Jacksonville, FL - It's an idea the Duval County School Board first floated at a special meeting back in July, now, they're moving forward.
Board members have voted, 4-2, in favor of joining a proposed lawsuit with other school districts against the State of Florida, that challenges the constitutionality of controversial House Bill 7069.
The bill, which was signed by Governor Rick Scott earlier this year, in part, threatens to shut down low performing schools and turn them into charter schools.
Board chairman Paula Wright, who voted in favor, sent WOKV the following statement:
“This lawsuit is to determine the constitutionality of HB 7069. It will answer a fundamental question- has the legislators crossed the line of impeding on the constitutional authority given to school board members. This lawsuit is about certain provisions of HB 7069 that intrude on the School Board’s explicit constitutional duty to operate, supervise and control all free public schools in the district.”
Board member Becki Couch has also released a statement, explaining why she also voted in favor of joining the suit.
Couch says, “I voted for the legal challenge of HB7069 because I believe there are unconstitutional elements of the bill. This is not about opposing school choice, opposing teacher bonus pay, or protecting the status quo, as some will proclaim. I support utilizing the judicial branch of government as a means to challenge whether or not a law that takes away representation by an elected body and hands it over to an unelected and unaccountable body, is constitutional. As a fiscal conservative I have grave concerns over the way in which over $16 million of property tax revenue can be diverted to for profit entities with no requirement to demonstrate need and with no requirement that the buildings belong to the taxpayer (local school boards are required to demonstrate need). I have grave concern over the fact that HB7069 establishes charter schools as local education agencies (LEA) without oversight from the taxpayer through an elected board, and I have grave concern that HB7069 eliminates the representative democracy that keeps the local decision making closest to the people. Our founding fathers established the three branches of government to ensure there are checks and balances in government. In this case, I believe the only body that can demonstrate legal standing to challenge the constitutionality of HB7069 is a school board. Therefore, it is incumbent upon us to ensure the law that was passed does not violate the state constitution we were sworn to uphold.”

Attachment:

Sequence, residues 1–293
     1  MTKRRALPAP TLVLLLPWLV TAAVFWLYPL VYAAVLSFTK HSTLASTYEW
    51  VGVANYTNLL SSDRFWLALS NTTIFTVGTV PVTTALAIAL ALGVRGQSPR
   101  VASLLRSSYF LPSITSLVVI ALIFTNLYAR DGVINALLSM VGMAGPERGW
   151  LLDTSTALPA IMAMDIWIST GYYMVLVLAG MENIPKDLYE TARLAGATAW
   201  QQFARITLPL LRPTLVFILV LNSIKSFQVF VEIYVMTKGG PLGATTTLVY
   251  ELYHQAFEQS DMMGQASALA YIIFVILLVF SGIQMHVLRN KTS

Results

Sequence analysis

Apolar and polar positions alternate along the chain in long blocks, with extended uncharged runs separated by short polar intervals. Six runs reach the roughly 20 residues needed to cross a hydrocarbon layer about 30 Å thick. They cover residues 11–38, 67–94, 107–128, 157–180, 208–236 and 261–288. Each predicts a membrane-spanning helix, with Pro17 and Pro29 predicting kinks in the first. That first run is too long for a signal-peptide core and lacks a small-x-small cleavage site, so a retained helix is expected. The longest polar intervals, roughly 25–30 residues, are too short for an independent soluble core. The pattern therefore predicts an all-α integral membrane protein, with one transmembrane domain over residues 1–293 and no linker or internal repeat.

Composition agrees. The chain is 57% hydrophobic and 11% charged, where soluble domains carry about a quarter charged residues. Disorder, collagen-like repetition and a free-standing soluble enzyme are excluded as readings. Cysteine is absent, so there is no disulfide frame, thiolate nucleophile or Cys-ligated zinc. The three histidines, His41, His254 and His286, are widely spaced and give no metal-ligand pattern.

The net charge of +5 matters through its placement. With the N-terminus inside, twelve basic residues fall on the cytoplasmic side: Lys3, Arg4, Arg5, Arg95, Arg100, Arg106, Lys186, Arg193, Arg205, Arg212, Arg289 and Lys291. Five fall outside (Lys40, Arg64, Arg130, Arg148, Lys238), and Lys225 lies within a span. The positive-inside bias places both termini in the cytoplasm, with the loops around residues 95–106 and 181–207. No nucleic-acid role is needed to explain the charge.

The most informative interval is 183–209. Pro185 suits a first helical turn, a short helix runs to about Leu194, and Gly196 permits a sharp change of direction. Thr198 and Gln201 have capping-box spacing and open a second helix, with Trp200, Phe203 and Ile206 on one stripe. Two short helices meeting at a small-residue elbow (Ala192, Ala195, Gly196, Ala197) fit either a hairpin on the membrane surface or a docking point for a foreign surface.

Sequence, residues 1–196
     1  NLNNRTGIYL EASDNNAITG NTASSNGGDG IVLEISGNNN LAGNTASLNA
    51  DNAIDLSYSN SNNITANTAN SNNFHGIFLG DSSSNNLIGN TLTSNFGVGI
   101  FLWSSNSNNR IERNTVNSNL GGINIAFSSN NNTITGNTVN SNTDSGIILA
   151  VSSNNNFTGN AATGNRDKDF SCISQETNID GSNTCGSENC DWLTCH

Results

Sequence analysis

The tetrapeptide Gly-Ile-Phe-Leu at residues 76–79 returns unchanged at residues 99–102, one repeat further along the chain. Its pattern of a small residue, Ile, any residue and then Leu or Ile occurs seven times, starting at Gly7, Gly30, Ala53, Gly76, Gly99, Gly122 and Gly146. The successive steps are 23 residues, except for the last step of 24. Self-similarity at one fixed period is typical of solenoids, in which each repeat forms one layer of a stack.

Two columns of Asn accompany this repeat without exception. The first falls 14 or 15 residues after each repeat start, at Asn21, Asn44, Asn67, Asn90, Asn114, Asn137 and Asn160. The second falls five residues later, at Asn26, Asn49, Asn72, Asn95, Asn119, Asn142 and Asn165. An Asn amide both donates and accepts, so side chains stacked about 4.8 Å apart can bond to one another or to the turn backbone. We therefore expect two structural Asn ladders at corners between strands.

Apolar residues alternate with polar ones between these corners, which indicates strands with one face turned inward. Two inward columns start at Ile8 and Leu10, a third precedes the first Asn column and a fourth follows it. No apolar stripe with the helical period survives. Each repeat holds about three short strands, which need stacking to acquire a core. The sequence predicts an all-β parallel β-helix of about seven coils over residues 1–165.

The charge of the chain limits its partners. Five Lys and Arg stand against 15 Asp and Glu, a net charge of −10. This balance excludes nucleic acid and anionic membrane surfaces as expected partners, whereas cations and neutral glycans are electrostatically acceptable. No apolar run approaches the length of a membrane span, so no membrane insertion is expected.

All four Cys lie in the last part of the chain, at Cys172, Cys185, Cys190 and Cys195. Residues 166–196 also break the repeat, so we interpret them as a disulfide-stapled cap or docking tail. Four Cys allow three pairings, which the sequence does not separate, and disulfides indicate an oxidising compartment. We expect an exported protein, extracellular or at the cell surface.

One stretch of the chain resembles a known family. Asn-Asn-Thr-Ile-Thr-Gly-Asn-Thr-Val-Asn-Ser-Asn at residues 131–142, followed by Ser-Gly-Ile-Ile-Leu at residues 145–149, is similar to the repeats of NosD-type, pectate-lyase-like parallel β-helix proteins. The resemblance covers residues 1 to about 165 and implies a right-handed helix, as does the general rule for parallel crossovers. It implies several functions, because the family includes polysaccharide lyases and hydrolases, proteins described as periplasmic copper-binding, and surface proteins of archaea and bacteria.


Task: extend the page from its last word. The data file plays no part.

Meanwhile, board member Scott Shine was one of two votes against joining the lawsuit.
He worries the lawsuit will impede the district's ability to work with the Florida legislature to solve some of the problems within the bill.
"I think, in general, litigation sends the wrong message to the legislature, that we're in an adversarial position when we should be in a cooperative position," says Shine.
Shine admits there are problems with HB 7069, but he says it can be refined.
"This was the first year that this bill hit the floor and was voted in. When that happens, virtually every time in the legislature, there are refinements, there are new laws passed to make a law better and that's part of the natural process. It's only been a few months that this bill has been enacted into law and we're already engaged in litigation with the state. I think that's premature," explains Shine.
Shine tells WOKV that in order to join the litigation, the district will be making a $25,000 financial commitment, which he says 'supposedly' does not come out of educational services.
Duval County Public Schools has posted the following statement on their website about Monday’s vote:
“The Duval County Public School Board voted Monday to join a proposed lawsuit that will challenge the constitutionality of a controversial education law the Florida Legislature passed this spring.
The other school boards that have authorized litigation include Bay, Broward, Hamilton, Lee, Miami-Date, Orange, Palm Beach, Polk, St. Lucie and Volusia. Each school district will financially participate on a pro-rated basis per student enrollment.
Duval County Public School’s portion of the litigation expenses would be paid from non-public funds, not to exceed $25,000, without School Board approval. The Office of the General Counsel has estimated expenses to be $400,000, if the challenge goes to trial.”